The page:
Hector Berlioz's La Damnation De Faust

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In the series of operatic and instrumental music of the Romantic period based upon Goethe's famous tragedy Faust, a scholar who sold his soul to the devil, Hector Berlioz's La Damnation de Faust holds a special place. His aspiration towards the dramatic, which is reflected in his distinctive symphonic pieces and Requiem, found another way to come to life and embody in a work of art that does not necessarily require a mise-en-scène. Fascinated by the legendary tale, Berlioz composed Huit scènes de Faust (Eight Scenes from Faust) in 1828. Eighteen years later (1846) he rewrote and incorporated them into a "légende dramatique" (dramatic legend) for four solo voices, chorus and orchestra in four parts and twenty scenes, adding some precise but…show more content…
He initially worked on it with Almire Gandonnière, a little-known French writer, but ultimately wrote the majority on his own, "a solution that insured to him and his music the first and final say" (Bloom, 1992: 151). La Damnation de Faust was first performed at the Opéra-Comique in Paris on 6 December 1846 to a half-empty auditorium. It was received indifferently, and Berlioz later wrote of this failure saying that "nothing in my career wounded me more deeply" (Cairns, 1999: 362). However, it eventually gained critical acclaim and success which never let this monumental work fall into oblivion. Moreover, along with Roméo et Juliette, La Damnation de Faust was proclaimed as the forerunner of Wagner's famous gesamtkunstwerk (total work of art; synthesis of music, verse, and…show more content…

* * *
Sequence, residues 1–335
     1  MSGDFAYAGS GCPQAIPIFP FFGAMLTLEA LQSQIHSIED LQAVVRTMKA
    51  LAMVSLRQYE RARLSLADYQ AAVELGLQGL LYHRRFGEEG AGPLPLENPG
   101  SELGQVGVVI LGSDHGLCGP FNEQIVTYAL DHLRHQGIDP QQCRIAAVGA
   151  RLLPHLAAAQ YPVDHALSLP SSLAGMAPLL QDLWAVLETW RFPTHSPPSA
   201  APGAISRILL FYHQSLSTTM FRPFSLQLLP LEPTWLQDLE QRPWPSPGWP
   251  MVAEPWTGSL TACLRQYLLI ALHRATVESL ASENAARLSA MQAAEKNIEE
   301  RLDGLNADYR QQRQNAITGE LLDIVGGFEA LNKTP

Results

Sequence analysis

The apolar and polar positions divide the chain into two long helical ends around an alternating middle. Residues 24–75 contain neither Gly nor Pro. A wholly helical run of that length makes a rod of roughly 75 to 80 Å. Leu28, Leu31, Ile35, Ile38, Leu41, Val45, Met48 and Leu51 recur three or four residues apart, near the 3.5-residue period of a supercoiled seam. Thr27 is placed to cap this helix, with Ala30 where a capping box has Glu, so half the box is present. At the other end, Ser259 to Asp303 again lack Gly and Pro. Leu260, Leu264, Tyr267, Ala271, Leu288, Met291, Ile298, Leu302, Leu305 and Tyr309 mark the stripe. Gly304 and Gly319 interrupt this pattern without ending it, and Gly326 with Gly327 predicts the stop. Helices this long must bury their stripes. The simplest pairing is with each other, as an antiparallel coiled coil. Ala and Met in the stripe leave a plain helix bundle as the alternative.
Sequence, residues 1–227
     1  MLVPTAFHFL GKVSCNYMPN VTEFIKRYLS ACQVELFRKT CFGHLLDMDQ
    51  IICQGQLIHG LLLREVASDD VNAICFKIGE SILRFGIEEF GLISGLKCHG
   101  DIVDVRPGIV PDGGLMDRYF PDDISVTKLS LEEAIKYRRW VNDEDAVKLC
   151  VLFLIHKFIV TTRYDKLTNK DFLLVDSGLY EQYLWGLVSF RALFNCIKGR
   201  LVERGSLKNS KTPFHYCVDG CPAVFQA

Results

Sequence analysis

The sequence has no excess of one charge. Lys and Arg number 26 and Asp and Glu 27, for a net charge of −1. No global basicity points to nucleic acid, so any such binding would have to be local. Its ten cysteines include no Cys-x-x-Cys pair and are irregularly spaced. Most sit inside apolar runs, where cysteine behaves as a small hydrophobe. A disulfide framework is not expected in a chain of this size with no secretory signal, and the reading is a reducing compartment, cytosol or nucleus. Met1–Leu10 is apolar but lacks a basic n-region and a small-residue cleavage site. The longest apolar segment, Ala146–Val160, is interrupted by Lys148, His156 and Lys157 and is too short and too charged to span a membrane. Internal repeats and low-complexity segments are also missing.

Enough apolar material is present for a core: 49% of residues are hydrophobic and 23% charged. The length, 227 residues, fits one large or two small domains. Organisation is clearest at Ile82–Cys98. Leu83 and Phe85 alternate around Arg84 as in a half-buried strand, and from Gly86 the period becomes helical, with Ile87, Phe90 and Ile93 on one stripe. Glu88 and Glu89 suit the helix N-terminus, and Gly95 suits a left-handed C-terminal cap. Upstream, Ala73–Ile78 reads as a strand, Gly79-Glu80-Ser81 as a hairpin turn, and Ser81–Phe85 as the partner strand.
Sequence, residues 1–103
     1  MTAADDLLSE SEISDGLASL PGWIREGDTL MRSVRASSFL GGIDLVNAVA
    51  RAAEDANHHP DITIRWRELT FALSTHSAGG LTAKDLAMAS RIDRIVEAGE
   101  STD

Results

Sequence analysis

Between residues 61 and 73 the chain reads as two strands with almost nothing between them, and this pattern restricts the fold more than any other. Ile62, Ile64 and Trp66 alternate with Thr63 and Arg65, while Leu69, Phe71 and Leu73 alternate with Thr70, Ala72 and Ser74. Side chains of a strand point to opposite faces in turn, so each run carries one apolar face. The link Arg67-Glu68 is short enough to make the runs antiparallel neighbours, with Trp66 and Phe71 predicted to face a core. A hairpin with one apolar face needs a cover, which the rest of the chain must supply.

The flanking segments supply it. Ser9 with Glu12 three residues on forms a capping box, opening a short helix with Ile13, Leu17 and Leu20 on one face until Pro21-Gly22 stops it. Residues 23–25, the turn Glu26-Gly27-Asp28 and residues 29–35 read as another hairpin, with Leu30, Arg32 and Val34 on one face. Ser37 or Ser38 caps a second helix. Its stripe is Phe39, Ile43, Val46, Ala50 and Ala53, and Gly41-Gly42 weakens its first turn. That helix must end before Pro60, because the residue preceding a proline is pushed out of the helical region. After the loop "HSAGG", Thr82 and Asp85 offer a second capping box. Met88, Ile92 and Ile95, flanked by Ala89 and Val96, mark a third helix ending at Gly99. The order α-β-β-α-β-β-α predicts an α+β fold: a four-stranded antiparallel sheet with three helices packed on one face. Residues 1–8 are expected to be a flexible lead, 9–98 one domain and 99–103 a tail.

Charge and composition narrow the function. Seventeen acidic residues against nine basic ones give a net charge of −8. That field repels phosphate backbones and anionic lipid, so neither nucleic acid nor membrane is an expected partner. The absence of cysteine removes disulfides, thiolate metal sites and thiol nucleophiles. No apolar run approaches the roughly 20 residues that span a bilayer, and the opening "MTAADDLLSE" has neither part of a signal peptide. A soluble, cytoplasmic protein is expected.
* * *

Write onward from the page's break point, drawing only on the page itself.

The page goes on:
She does not strive to achieve the maximum quality of each tone, but instead she colours each syllable with a different nuance in the interest of providing the audience with the bare meaning beyond the words. Callas transforms psychologically and vocally in order to share Marguerite's tragic fate with us. I think it is the greatest skill an artist can posses – to compel the audience to participate by bringing in their own emotions. Her struggle incrementally intensifies along with the music, to the point where she is simply broken ("Ô caresses de flamme!"), and it becomes strenuous to utter another sound. She profoundly accentuates "Dans ses baisers d'amour!", as if she knows her last sigh signifies her doom. On the other hand, the famous American mezzo-soprano's performance is not as nuanced and dramatic as Callas', and yet she manages to achieve a different kind of emotional intensity with her subtle interpretation. Graham exerts total control over her instrument and she never forces the tone, which results in a warm voice of exceptional flexibility and uniformity in all registers. There is ambiguity regarding her stage presence; an air of chastity and innocence is opposed by the way she reigns over the stage. In the end, her Marguerite is left with a naive glimpse of hope to hold on

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